THE shift away from the Valley’s obsession with dot-com services and Web-based social networks is a return to the region’s roots. The Valley began as a center for electronics hardware design in the late 1930s, when Bill Hewlett and David Packard built an audio oscillator that Walt Disney used in the production of the movie “Fantasia.” At the start of the 1970s, the label Silicon Valley was coined because of the proliferation of semiconductor companies. In the mid-1970s, a group of computer hardware hobbyists started the Homebrew Computer Club here, which gave rise to several dozen start-ups, including Apple Computer.Places like the Silicon Valley (and, to a lesser extent, my own Silicon Swamp) become hotbeds of innovation as engineers get a better idea and head off to start their own companies. A good technical university can serve as both a backbone and feedstock. To be successful requires some minimum size and number of businesses, and while many cities have tried to be "the Next Silicon Valley", the original is still the standard. Of course, this goes on against the backdrop of the ongoing economic collapse of California that "the Professor", Victor Davis Hanson, has so eloquently written. The Valley may not survive but be replaced by Boise or another similar community.
One of the emphases of the piece is how the rapid prototyping industry is part of this.
Instead, any designer now has the ability to quickly experiment with new product designs using low-cost 3-D printers. These printers can churn out objects to make prototypes quickly — a fork, wall hooks, mugs, a luggage clasp — by printing thousands of layers of wafer-thin slices of plastics, ceramics or other materials. Products can be made quickly in contract assembly plants overseas, usually in China.Make no mistake, software is still a very big part of these designs, and they are very much cousins to the (current) grand master of the Valley, Apple. They highlight several interesting products coming out of the area: the Nest, a self-programming thermostat; Lytro, a really innovative camera which produces images that can be re-focused and zoomed after they come out of the camera; and Shaka, a plug-in for your smart phone to measure wind speed. There are more.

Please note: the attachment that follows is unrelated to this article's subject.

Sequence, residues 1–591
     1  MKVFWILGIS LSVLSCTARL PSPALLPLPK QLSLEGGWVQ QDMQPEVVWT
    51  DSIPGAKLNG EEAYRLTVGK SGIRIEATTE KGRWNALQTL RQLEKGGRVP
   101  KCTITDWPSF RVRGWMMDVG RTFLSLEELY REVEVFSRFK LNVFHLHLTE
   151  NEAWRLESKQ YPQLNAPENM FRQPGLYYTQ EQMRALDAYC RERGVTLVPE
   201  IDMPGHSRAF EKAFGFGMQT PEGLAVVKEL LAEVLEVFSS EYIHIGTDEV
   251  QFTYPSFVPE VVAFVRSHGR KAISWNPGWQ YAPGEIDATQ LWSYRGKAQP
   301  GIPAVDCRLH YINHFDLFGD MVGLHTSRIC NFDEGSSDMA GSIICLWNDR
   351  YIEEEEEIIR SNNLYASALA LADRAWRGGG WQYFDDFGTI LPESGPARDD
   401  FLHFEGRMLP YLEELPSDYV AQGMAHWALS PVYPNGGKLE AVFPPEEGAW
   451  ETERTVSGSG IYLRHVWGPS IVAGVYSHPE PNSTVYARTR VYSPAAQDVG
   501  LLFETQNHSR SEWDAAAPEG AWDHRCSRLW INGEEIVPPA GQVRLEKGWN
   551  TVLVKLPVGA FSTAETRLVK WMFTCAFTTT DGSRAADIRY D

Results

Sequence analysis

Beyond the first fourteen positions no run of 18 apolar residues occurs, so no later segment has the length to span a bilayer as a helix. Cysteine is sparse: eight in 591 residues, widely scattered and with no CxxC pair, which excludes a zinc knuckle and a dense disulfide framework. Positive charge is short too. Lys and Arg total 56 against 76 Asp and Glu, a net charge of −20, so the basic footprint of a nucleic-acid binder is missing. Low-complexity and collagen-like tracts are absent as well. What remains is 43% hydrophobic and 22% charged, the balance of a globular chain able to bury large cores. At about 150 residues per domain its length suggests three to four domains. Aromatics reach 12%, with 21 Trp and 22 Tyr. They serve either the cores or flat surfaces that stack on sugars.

As hardware engineer, these developments are encouraging to see. But I gotta tell you, as a pure radio designer, I feel more and more like a dinosaur these days. The amount of pure RF design is shrinking yearly; most commercial radios are 1/10 radio and 9/10 computer. If you are getting started, or serious about building stuff at home, you should look into learning how to program FPGAs (Field Programmable Gate Arrays) at home. FPGAs allow you to almost completely encapsulate large sections of digital logic in one moderately priced chip which you program to your requirements. It's where digital design is going. It's almost getting hard to purchase individual logic gate chips these days.